That is the premise of two books I've read recently, both of which apply that premise in different ways. One has a female author and female main character, the other has a male author and male main character. The particular illnesses vary, and the plot begins at different places in the progression of the disease.
Before I Die by Jenny Downham is about a sixteen-year-old girl named Tessa who is dying of leukemia, and only has a few months left to live. She makes a list of the things she'd like to do before she dies, and convinces her friend Zoey to help her carry it out. There's no possible recovery for Tessa, but before she goes, she wants to experience life in different forms. She wants to commit petty crimes and try drugs and have sex and more, and in pursuing her list, she finds life, but more importantly, she finds actual love.
Downham's book is excellently crafted. It is life-affirming even as it is (I'm sorry to lable it this way, but here goes) a downer because Tessa is palpably sick from page one. And she's not all the way to acceptance in her grief stages, either, so along with sadness you get a few heaping doses of anger. These are the things that make the book read as true, and part of what make it so well-done. If you are looking for excellent writing and story, it's here. If you are looking for a book you can experience as real, that will absorb your attention and remove you from the world you live in, it's here. If you are looking for light-hearted amusement, well, best look elsewhere. book (told in first person) never passes from her p.o.v., so you "experience" her death with her, in shortening paragraphs with lots of white space in between. Before I Die has moments of beauty in it and reads as true (emotionally and factually).
Deadline by Chris Crutcher is about a eighteen-year-old boy named Ben who learns, just as he's about to start his senior year, that he has a rare, incurable form of leukemia and less than a year to live. Because he's 18, Ben manages to swear his doctor to secrecy, which means that for the longest time, Ben's the only one who knows that he's ill. Ben's decision is based on his need to protect others, nothing more. Ben decides to live "balls out". He makes a list of things he'd most like to do before he dies: date Dallas Suzuki (a hot girl), play football, torment his right-wing civics teacher, help the town drunk, get a street names after Malcolm X. Ben seeks not only to live his life, but to make the world a better place for the people he leaves behind in it.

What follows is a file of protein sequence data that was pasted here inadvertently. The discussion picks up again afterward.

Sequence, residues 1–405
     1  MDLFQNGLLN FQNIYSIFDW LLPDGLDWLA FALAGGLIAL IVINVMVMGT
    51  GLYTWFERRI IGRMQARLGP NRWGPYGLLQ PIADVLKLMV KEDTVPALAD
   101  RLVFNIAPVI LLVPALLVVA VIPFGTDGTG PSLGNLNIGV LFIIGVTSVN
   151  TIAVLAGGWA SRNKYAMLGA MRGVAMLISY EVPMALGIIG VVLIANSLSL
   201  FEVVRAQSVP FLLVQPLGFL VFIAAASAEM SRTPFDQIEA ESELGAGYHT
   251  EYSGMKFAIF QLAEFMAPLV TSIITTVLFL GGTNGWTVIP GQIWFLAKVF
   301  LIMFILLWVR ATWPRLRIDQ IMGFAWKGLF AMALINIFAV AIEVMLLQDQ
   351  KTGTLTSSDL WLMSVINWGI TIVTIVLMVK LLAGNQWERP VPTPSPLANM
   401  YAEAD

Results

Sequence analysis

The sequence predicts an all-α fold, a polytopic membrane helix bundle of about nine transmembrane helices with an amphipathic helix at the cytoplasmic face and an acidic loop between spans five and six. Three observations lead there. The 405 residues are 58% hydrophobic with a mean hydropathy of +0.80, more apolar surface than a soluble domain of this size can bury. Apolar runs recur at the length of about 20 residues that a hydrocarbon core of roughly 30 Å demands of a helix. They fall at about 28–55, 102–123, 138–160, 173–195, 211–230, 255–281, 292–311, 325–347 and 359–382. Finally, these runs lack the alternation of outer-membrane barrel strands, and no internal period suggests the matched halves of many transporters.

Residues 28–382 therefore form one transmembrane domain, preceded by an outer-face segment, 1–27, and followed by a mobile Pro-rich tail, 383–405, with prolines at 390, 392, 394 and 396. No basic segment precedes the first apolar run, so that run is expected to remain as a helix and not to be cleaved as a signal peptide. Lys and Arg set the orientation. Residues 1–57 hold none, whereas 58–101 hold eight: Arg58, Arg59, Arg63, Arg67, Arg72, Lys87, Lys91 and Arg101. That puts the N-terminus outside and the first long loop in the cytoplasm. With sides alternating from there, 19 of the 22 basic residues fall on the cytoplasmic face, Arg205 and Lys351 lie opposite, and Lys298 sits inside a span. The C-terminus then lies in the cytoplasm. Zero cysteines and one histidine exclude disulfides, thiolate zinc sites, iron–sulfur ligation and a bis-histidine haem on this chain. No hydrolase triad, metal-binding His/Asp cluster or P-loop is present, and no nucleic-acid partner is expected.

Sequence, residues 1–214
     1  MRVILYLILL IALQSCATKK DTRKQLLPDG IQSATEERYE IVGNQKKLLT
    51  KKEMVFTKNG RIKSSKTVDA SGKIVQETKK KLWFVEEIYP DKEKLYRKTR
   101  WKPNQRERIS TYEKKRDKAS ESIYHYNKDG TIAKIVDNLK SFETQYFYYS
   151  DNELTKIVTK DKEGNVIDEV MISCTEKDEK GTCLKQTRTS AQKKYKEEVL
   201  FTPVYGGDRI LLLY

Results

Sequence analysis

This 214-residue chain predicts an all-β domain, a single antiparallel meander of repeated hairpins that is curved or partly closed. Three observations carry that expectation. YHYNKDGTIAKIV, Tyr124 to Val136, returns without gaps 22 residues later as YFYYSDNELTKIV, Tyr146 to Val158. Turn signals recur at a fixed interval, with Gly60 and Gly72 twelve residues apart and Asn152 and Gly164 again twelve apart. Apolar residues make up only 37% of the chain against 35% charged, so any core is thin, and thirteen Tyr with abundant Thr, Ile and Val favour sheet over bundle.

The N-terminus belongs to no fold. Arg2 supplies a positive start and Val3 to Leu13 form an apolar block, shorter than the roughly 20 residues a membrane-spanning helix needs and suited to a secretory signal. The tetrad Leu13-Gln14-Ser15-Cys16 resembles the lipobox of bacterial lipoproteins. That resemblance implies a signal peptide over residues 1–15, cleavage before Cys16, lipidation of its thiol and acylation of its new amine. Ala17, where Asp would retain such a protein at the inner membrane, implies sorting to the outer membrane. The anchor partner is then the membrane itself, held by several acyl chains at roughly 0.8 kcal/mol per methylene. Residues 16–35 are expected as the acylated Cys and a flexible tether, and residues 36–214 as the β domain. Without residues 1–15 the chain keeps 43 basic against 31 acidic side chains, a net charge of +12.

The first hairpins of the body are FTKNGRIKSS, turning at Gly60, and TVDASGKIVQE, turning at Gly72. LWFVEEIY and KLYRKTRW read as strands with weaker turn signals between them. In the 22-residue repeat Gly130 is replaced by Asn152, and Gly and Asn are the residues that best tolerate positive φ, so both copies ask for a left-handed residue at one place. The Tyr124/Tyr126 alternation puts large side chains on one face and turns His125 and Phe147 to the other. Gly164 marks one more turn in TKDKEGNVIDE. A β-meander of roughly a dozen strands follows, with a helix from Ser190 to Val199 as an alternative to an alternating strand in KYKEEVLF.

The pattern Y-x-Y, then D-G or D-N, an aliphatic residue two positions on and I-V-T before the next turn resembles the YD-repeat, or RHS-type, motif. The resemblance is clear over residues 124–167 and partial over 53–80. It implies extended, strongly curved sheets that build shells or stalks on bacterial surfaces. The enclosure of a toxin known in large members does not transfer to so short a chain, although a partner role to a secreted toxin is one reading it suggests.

Ben is almost a full year older than his brother, Cody, but they are both in the same grade. Cody's the quarterback, and Ben's a runt; still, he gives football a go. The relationship between Ben and Cody is one of the strong points in this novel. Crutcher tells the story in first person, but unlike Tessa, Ben's a smart-ass, so his voice is breezier (glib, even, to use Ben's own term), and the fact that he keeps his condition a secret allows him to interact with others as if nothing's wrong (with him). Along the way, Ben learns the secrets of other townspeople, and learns that keeping secrets can have devastating results. Kirkus* knocked it for describing only his fatigue, but really, he describes dream-like visions involving Hey-Soos, a Christ-like figure who offers him guidance, and more. The book doesn't end with Ben's death, but with his legacy (and thinking of it makes me cry all over again).
On the surface, these are the same book: Teen MC is dying of leukemia, makes a list of things to do before they die, dies at or near the end. Both look for love and try to get some living in while they can. These books make an interesting side-by-side study for writers because they prove that the devil is in the details, and that it's not the idea that's original, it's the treatment of the idea. Downham's book ends up being about finding love and making the most of time; Crutcher's is about those things too, but overall, it's about truth.
If you're going for an engaging story with the basic plot line I've described, you can't go wrong with either book. If you're looking for an honest exploration of what it feels like, actually, to be terminally ill (and to die), go for Before I Die. If I had to pick only one to read, however, I'd pick Deadline, because I liked the main character better, and I liked the different and complicated plot threads that Crutcher chose to weave together, which include discussions of politics, incest, child molestation, manic depression and more. I'll take a smart-ass over an angstite (is that a word? let's pretend it is) any day. I'm not saying that Deadline is the better book, it's just the way my taste runs. But truly, you can't go wrong with either choice.
*But it was, after all, Kirkus, and the reader seemed to have an axe to grind with Crutcher's politics as well. And really, this is about a kid who was trying to ignore his illness as best he could, so I didn't feel I needed all the details piled on. (If you feel you'd prefer all the awful details, read Before I Die).
To quote one of my favorite movies, The Great Race, "PUSH THE BUTTON, MAX!"
Check out the snowflakes for the Robert's Snow auction being featured today, which you can find listed at Seven Impossible Things Before Breakfast. Jules and Eisha have also posted an ongoing list of blog posts thus far featuring snowflakes and the artists who created them. While you're there, check out Jules and Eisha's other content. Today, for instance, they interview Sheila Ruth, the force behind Wands and Worlds, the coordinator for the Science Fiction & Fantasy category at the CYBILS, and an all-around smart lady.